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4K resolution, also called 4K, refers to a display device or content having horizontal resolution on the order of 4,000 pixels. Several 4K resolutions exist in the fields of digital television and digital cinematography. In the movie projection industry, Digital Cinema Initiatives (DCI) is the dominant 4K standard.
4K has become the common name for ultra-high-definition television (UHDTV), although its resolution is only 3840 x 2160 (at a 16:9, or 1.78:1 aspect ratio), which is lower than the movie projection industry standard of 4096 x 2160 (at a 19:10 or 1.9:1 aspect ratio).
The use of width to characterize the overall resolution marks a switch from the previous generation, high definition television, which categorized media according to the vertical dimension instead, such as 720p or 1080p. Under the previous convention, a 4K UHDTV would be equivalent to 2160p.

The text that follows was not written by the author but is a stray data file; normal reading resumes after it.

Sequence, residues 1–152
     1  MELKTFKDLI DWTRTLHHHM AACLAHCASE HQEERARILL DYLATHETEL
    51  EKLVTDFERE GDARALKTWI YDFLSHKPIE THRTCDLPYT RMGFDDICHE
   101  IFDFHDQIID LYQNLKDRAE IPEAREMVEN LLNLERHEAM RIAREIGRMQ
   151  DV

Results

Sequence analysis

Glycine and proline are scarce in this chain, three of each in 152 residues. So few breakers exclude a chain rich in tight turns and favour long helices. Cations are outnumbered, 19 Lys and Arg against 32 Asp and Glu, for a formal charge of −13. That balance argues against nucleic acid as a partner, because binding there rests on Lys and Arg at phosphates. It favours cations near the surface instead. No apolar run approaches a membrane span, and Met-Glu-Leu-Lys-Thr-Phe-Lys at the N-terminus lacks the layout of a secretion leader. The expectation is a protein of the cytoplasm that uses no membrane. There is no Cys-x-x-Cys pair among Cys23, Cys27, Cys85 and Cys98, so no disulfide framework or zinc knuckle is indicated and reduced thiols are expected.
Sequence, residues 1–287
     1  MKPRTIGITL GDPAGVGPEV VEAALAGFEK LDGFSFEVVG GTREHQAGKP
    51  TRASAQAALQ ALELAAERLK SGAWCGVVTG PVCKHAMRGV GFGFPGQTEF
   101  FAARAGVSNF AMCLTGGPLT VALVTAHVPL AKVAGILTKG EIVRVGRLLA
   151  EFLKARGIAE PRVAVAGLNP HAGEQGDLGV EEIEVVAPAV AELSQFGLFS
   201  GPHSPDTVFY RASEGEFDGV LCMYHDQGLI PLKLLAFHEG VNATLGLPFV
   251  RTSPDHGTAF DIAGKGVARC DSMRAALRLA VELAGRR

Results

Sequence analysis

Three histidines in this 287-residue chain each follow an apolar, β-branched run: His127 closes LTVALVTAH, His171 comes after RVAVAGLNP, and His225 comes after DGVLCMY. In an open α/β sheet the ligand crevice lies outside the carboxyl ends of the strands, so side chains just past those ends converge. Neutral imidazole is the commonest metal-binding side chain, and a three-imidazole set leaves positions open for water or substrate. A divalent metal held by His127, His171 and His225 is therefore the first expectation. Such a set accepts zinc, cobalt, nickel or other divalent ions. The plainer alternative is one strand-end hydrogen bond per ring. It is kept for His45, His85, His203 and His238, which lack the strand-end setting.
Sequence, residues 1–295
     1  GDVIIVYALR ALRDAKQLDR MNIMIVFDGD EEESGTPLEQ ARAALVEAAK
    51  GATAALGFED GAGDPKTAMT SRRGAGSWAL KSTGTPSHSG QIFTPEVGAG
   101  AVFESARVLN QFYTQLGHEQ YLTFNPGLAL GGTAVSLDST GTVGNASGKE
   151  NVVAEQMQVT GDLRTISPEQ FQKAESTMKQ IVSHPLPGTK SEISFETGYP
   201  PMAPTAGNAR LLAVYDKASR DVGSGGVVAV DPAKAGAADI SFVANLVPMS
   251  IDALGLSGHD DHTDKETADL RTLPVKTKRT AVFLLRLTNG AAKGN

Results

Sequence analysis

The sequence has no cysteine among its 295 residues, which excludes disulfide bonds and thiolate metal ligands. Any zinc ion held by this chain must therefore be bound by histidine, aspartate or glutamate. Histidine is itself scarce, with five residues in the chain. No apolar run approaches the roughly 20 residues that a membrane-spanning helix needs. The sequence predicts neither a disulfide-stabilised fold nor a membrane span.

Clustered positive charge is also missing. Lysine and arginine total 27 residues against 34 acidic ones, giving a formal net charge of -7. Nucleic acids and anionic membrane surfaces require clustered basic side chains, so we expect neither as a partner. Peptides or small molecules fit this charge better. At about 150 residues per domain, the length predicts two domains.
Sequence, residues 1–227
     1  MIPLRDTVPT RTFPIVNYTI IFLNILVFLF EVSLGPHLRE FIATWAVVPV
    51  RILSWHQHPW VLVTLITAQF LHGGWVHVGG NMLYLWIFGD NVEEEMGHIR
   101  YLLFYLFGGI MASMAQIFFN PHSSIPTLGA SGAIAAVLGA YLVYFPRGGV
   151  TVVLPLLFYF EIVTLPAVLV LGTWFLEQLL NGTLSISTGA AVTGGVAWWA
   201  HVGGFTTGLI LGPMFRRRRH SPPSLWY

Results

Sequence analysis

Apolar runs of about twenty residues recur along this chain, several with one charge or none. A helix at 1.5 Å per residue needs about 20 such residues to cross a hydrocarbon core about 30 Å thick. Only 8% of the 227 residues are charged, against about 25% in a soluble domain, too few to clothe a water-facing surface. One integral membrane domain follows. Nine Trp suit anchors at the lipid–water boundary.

YouTube and the television industry have adopted Ultra HD as its 4K standard. As of 2014[update], 4K content from major television networks remains limited. On April 11, 2013, Bulb TV created by Canadian serial entrepreneur Evan Kosiner became the first broadcaster to provide a 4K linear channel and VOD content to cable and satellite companies in North America. The channel is licensed by the Canadian Radio-Television and Telecommunications Commission to provide educational content.  However, 4K content is becoming more widely available online including on YouTube, Netflix and Amazon. As of 2013[update], some UHDTV models were available to general consumers in the range of US$1500.
The first commercially available 4K camera for cinematographic purposes was the Dalsa Origin, released in 2003. YouTube began supporting 4K for video uploads in 2010. Users could view 4K video by selecting "Original" from the quality settings until December 2013, when the 2160p option appeared in the quality menu. In November 2013, YouTube started to use the VP9 video compression standard, saying that it was more suitable for 4K than High Efficiency Video Coding (HEVC); VP9 is being developed by Google, which owns YouTube.